Maybe that's me.

It's not just about how it's said, it's where and when as well. Not always, but quite often, it's on the red carpet or on a stage, part of some big time event, looked upon as a major achievement, where people's minds can be misguided into thinking what they are hearing, as well as what they are seeing, are directly linked. This is a problem. All it would take is another sentence to make it perfectly clear, but that could lead to the initial phrase losing it's glorified meaning. 

Some people can read between the lines, due to their intelligence or life experience, but many cannot. This is why it's important that people (kids) are taught to think outside the box, like questioning things that don't make complete sense, and not simply eating what they are fed. You don't need to "bite the hand that feeds you", but you should immediately be asking what's in the food if it doesn't taste right.



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Paperboy_J said:

I disagree. I think you should follow your dreams, just have a Plan B in case it doesn't work out.

Agreed. Or you can take other approaches like somehow combining your dream and the safer route or, like you say, slowly but working with a lot of commitment towards your wishes. So rather than "following one's dreams", I think it's more about "carrying your dreams with you", working hard for accomplishing one objective but never closing other possibilities of which you can become passionate as well.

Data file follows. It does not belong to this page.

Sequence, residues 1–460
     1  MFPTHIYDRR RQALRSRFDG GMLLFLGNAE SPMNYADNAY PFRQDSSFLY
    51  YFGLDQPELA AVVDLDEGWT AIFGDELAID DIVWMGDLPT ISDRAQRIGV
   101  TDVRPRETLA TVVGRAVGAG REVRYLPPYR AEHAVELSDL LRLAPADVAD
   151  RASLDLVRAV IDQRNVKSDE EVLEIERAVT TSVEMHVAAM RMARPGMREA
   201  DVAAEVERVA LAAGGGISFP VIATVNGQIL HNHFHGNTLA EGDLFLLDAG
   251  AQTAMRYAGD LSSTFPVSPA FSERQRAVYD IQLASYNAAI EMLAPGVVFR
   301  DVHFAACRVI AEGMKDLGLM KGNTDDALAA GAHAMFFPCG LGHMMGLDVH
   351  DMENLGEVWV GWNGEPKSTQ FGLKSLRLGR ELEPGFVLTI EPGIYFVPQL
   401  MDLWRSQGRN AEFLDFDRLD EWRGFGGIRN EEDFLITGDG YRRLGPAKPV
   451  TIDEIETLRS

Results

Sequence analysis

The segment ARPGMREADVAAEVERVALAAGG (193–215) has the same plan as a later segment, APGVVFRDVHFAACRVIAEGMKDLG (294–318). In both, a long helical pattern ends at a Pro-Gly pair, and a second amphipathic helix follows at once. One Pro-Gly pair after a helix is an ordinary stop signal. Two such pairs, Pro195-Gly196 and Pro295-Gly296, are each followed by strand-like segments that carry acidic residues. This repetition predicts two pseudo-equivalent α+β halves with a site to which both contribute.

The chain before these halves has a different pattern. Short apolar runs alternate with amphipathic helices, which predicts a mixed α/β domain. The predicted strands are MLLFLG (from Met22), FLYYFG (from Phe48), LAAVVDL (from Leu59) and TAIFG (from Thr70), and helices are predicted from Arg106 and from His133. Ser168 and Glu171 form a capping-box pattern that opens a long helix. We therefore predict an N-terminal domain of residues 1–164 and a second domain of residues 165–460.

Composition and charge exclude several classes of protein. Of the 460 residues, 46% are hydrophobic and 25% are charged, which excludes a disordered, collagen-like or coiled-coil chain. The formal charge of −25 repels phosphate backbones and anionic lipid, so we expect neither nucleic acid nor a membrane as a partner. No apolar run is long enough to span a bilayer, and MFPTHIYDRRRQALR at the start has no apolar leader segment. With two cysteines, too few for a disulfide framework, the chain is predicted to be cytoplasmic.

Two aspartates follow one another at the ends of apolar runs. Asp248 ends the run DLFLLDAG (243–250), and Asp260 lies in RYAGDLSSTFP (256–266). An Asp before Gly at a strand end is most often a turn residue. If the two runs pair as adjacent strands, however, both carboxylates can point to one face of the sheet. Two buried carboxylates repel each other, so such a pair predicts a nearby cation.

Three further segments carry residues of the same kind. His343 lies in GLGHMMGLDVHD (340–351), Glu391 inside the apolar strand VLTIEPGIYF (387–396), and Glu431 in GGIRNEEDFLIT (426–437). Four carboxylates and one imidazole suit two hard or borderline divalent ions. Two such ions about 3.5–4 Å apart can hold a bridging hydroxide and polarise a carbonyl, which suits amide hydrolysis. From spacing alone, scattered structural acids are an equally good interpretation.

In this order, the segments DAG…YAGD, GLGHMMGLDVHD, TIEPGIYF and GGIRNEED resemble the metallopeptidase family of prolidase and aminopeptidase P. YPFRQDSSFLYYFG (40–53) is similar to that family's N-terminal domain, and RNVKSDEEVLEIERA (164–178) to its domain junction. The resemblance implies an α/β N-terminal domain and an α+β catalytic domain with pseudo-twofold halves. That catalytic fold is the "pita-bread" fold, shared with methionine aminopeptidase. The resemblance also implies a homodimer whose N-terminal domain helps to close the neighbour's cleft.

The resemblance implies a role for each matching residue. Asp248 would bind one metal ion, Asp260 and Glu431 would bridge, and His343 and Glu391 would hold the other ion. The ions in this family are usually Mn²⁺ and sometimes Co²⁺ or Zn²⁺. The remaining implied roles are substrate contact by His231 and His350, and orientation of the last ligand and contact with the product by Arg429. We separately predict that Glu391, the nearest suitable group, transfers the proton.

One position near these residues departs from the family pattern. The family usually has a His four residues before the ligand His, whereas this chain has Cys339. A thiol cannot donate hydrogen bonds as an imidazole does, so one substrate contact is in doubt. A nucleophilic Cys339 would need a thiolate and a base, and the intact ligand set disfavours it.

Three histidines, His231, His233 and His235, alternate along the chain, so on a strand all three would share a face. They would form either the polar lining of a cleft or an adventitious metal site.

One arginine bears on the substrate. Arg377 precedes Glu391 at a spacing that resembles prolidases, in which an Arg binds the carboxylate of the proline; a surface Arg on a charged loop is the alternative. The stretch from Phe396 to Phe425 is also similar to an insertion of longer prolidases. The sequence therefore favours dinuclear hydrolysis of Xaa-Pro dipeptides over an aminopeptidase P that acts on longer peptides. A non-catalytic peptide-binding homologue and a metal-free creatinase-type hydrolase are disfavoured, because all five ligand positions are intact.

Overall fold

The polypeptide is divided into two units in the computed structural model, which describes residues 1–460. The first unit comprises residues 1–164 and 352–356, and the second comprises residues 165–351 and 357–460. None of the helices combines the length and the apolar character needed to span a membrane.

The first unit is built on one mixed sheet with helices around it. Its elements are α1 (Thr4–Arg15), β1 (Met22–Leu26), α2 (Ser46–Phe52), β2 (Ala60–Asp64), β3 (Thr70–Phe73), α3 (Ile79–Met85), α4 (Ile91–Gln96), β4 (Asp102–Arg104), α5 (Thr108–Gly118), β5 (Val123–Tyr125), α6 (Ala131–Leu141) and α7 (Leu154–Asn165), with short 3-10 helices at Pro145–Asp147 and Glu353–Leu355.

Of course you should follow your dreams. You just shouldn't follow them blindly, ignoring all sense.



DélioPT said:
DonFerrari said:

Ever saw these people preaching "follow your dreams, but only if they are feasible and you have the talent to achieve it"? Nope, they usually put in a way that you just have to believe and work hard for it.

Honestly, that's not how i have seen people say it.
When i hear people say that line, and only that line, it's said in a way to encourage others.

I really can't remembre it being said in another way - a way that implies that you can achieve it all.
Maybe that's me.

And have you ever heard anyone saying follow your dream with cautionary counters? If you don't limit the follow your dream then it really falls down on it will happen.

Paperboy_J said:

I disagree. I think you should follow your dreams, just have a Plan B in case it doesn't work out.

Just be smart about it. For example if you want to be a DJ or something, you can still do that, just maybe do it on the weekends or on your off time, in between your normal job and other responsibilities.  Just don't pour absolutely EVERYTHING into being a DJ to the point where you're buying new equipment instead of paying your rent.